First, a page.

An insurgent umbrella group that includes al-Qaida in Iraq claimed Friday one of its "knights" carried out the parliament suicide bombing in Baghdad's Green Zone, and the U.S. military revised the death toll sharply downward to one dead.
The Islamic State of Iraq said in an Internet posting that it had delayed issuing the claim of responsibility to allow its men time to flee.
Iraqi officials, who spoke on condition of anonymity because the investigation was incomplete, said the bomber was believed to have been a bodyguard for a Sunni lawmaker who was not among the casualties. The officials did not name the lawmaker.
"A knight from the state of Islam ... reached the heart of the Green Zone ... the temporary headquarters of the mice of the infidel parliament and blew himself up among a gathering of the infidel masters," the Islamic State said in the statement posted on one Islamic Web site commonly used by insurgents.
The SITE Institute, which tracks militant postings, said the claim appeared authentic. Some media reported on Thursday that al-Qaida in Iraq had issued a claim an hour after the attack, but the Islamic Web forum on which it was reportedly posted was not among those used by the Islamic State in Iraq, so SITE cast doubt on its authenticity.
In a statement Friday, the U.S. military said "after further research and consultation with government of Iraq officials" it had determined that only one civilian had been killed in the attack and 22 were wounded.
Parliament officials said the victim was Mohammed Awad, a moderate Sunni lawmaker. Seven of the wounded were members of parliament, the officials said.
U.S. military spokesman Maj. Gen. William Caldwell had said Thursday that eight people were killed in the bombing, a major security breach in the most heavily guard region of Baghdad.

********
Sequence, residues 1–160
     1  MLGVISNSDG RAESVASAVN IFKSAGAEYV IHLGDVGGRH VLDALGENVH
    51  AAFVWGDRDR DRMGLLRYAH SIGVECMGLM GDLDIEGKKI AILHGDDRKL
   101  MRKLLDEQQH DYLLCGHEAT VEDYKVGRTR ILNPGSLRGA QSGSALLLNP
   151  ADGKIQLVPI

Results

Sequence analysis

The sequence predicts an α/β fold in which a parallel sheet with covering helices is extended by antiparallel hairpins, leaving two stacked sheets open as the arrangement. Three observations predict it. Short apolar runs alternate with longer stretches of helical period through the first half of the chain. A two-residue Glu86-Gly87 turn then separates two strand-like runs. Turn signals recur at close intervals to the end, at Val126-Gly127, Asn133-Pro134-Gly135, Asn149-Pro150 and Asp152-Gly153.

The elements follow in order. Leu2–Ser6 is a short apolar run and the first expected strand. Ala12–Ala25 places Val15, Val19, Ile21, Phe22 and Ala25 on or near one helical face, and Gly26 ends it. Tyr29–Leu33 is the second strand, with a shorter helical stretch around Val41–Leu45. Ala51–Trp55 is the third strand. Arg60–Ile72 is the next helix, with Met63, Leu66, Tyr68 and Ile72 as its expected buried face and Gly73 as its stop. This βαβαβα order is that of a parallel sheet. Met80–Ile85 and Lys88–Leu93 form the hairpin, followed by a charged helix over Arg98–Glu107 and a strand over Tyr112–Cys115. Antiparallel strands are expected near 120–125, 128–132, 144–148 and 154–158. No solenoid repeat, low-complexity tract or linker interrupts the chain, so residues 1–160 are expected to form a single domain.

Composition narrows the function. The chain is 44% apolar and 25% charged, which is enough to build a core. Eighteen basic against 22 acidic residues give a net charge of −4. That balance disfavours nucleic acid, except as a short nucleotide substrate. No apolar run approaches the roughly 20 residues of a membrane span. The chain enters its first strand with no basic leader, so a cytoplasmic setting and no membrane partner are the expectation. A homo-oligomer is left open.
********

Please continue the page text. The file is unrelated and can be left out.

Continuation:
Iraqi lawmakers, meanwhile, gathered Friday in a rare — and defiant — session of parliament on the Muslim day of prayer. A red and white bouquet sat in Awad's place in the parliament chamber. Empty seats outnumbered people, though, as lawmakers took the podium one after another to denounce the bombing. One MP had his arm in sling and a woman lawmaker wore a neck brace.
"The more they (terrorists) act, the more solid we become. When they take from us one martyr, we will offer more martyrs," Vice President Adil Abdul-Mahdi said. "The more they target our unity, the stronger our unity becomes."
But the turnout was low because of a weekly Friday ban on driving.
"Also the MPs' turnout is very low today because most of them are visiting those who were wounded by the blast," said Mohammed Abu Bakr, head of the parliament's media office.
The meeting began late and adjourned after about 90 minutes.
The parliament chamber bore no signs of damage, but cleanup had yet to begin elsewhere in the building, where investigators were still trying to determine who was behind the attack and how they penetrated the tightest security in Baghdad — the heavily fortified Green Zone compound, which houses the U.S. Embassy as well as offices of the Iraqi government.
"The cafeteria is still not clean. There is still flesh of the bomber on the floor," Abu Bakr said.
Iraqi parliament speaker Mahmoud al-Mashhadani said Friday's session was "a clear message to all the terrorists and all those who dare try to stop this (political) process, that we will sacrifice in order for it to continue."
"We feel today that we are stronger that yesterday," he said. "The parliament, government and the people are all the same — they are all in the same ship which, if it sinks, will make everyone sink."